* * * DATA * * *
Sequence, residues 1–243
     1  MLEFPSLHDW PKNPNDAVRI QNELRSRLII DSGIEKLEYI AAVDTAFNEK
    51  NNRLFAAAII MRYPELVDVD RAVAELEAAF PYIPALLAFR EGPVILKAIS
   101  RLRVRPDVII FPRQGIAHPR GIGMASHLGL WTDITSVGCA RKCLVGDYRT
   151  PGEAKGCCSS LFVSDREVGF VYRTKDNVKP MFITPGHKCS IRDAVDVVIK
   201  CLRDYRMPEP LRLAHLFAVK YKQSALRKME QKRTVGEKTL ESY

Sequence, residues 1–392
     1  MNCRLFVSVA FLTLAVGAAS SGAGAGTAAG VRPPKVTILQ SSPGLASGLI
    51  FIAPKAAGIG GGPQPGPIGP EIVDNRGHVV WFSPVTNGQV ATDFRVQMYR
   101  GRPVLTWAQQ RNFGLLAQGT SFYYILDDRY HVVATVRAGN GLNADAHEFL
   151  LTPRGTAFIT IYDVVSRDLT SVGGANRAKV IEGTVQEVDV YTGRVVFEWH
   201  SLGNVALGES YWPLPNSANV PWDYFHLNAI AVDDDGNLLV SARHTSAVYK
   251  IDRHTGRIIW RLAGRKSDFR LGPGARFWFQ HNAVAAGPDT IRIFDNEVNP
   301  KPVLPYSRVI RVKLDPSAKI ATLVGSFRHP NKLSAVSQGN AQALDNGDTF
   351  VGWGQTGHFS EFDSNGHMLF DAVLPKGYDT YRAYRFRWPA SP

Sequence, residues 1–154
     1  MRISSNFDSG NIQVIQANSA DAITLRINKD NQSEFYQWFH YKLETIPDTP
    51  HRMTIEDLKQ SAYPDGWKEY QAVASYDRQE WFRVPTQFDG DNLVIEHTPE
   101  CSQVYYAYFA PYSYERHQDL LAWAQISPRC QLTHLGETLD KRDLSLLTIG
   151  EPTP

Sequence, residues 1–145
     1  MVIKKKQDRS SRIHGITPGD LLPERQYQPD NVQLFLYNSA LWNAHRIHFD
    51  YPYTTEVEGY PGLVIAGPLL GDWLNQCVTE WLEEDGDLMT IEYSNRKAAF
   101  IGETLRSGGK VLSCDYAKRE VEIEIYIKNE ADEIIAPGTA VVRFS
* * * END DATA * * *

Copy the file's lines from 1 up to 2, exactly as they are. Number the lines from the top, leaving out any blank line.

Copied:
Sequence, residues 1–243
     1  MLEFPSLHDW PKNPNDAVRI QNELRSRLII DSGIEKLEYI AAVDTAFNEK